January 1, 1947 the PVA was established. This Flight was mainly used for topographic photographing an for recce flights on behalf of the ML-KNIL. By the end 0f 1947 five FB-25’s, two Mustangs and five Piper Cubs were in use.
The FB-25 could be used till a height of 1000 feet. At higher level it was difficult to produce good photo's.

 

Royal Netherlands Military Flying School at Jackson.

The first B-25 operational training would start in February 1943 and by the end of November 1942 ten B-25C's were delivered to start the training of the instructors. The first B-25's were, accidentally from the original order of the 162 aircraft ordered by the ML-KNIL. When these Mitchells arrived at Jackson it proofed that the machines lacked the appropriate wiring for the used Sperry bomb sight. The machines were returned to the factory at Kansan city. The first aircraft took a week for this modification.
This was to long, so the other aircraft were modified at Jackson. In April just four Mitchells were modified.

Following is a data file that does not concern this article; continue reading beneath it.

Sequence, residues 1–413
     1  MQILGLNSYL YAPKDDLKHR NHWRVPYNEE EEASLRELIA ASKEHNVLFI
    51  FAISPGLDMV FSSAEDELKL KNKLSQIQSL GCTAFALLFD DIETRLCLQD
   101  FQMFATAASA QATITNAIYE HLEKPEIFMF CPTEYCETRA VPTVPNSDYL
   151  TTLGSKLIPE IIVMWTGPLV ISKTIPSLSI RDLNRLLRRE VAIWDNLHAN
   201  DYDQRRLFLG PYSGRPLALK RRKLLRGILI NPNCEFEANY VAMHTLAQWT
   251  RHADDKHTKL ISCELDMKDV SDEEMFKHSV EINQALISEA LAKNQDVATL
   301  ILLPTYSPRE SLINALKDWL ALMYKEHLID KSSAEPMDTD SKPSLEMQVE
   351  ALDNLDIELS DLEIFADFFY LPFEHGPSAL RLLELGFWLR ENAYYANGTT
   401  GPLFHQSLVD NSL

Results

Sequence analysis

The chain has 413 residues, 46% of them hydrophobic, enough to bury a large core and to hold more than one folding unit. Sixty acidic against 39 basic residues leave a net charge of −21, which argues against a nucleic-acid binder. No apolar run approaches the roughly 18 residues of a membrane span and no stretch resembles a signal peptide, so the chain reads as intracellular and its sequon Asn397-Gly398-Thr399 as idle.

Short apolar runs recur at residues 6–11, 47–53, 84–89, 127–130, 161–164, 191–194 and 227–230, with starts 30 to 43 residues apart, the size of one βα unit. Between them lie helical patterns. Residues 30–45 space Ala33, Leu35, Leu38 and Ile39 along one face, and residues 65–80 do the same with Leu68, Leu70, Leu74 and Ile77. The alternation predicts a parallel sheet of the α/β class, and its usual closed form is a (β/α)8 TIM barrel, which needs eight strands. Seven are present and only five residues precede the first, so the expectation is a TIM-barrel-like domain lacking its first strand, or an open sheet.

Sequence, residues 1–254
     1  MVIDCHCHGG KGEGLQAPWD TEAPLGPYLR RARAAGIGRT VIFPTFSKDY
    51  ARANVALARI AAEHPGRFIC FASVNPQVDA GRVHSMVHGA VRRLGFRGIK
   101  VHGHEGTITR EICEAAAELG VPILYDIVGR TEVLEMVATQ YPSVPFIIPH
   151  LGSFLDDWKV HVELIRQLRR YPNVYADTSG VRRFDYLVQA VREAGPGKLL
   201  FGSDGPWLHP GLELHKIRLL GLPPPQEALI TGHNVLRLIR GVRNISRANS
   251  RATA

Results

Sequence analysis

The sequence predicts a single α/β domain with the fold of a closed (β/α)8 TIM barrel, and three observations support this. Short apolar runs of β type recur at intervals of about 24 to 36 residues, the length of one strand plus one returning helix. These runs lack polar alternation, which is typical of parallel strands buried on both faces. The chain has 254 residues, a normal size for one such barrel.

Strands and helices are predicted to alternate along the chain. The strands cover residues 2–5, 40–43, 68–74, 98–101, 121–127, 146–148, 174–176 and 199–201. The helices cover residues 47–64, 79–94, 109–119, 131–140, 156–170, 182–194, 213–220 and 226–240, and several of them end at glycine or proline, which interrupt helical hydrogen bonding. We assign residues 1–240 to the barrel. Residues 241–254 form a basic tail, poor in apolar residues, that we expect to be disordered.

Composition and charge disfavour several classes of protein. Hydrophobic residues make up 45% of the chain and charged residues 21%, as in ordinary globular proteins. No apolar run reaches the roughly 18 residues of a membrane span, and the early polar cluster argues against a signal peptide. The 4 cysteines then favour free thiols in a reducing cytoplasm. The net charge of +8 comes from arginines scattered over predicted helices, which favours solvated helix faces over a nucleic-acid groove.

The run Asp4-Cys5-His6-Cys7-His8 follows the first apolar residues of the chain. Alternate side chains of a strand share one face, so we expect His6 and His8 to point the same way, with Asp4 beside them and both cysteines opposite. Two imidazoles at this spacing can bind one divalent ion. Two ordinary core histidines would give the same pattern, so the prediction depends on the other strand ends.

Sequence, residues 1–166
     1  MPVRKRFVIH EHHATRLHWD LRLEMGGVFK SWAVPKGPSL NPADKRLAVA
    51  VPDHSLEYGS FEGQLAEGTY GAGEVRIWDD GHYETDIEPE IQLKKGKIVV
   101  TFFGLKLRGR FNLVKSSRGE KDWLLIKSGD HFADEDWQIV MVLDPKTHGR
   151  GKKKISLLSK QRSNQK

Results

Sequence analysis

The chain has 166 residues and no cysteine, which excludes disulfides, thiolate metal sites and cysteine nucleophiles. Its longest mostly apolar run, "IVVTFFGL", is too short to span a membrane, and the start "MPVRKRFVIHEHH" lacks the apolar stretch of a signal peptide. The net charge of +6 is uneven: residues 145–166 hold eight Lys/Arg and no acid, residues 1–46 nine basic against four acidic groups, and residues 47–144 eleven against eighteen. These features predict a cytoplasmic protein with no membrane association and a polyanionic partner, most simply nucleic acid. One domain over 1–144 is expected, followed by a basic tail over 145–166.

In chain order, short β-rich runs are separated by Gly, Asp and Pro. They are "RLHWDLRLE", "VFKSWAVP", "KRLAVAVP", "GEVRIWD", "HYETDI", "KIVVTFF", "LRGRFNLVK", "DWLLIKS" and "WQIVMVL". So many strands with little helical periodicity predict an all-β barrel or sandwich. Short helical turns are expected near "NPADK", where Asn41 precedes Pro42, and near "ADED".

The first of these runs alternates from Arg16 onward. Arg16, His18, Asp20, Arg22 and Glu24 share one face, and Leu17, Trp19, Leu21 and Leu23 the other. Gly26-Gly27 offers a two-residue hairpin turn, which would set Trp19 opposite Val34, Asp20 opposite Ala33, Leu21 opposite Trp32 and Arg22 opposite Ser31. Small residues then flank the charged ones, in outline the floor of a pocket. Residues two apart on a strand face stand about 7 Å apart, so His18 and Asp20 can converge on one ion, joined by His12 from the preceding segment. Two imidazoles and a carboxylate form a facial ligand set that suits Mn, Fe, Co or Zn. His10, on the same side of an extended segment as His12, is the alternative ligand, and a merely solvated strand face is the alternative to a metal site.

Another ten aircraft were requested. So five B-25D plus five B-25C aircraft were delivered in April and May 1943. These second series had the Sperry bomb sight already built in, so the operation training could start at last. In October 1943 another ten aircraft were requested because of the end date of the training. Several Mitchells were not in use because of technical inspection and overhaul. These ten aircraft were on loan from AAFFTC, the twenty aircraft delivered earlier, were delivered under lend-lease conditions. This third batch were all of the type B-25G, with a 75 mm gun in the nose. These B-25G's were official US aircraft and retained their US serials and markings. There is one photo of an B-25G with Dutch markings, these markings were applied because of a visit of her royal highness princess Juliana.

One B-25D and one B-25G were lost and when the training was finished, all Mitchells were returned via "reverse lend-lease"to the USAF.

The book ‘The Royal Netherlands Military Flying School 1942 – 1944’ written in Dutch by O.G. Ward, P.C.Boer and G.J.Casius offers an extensive overview of the History. of RNMFS.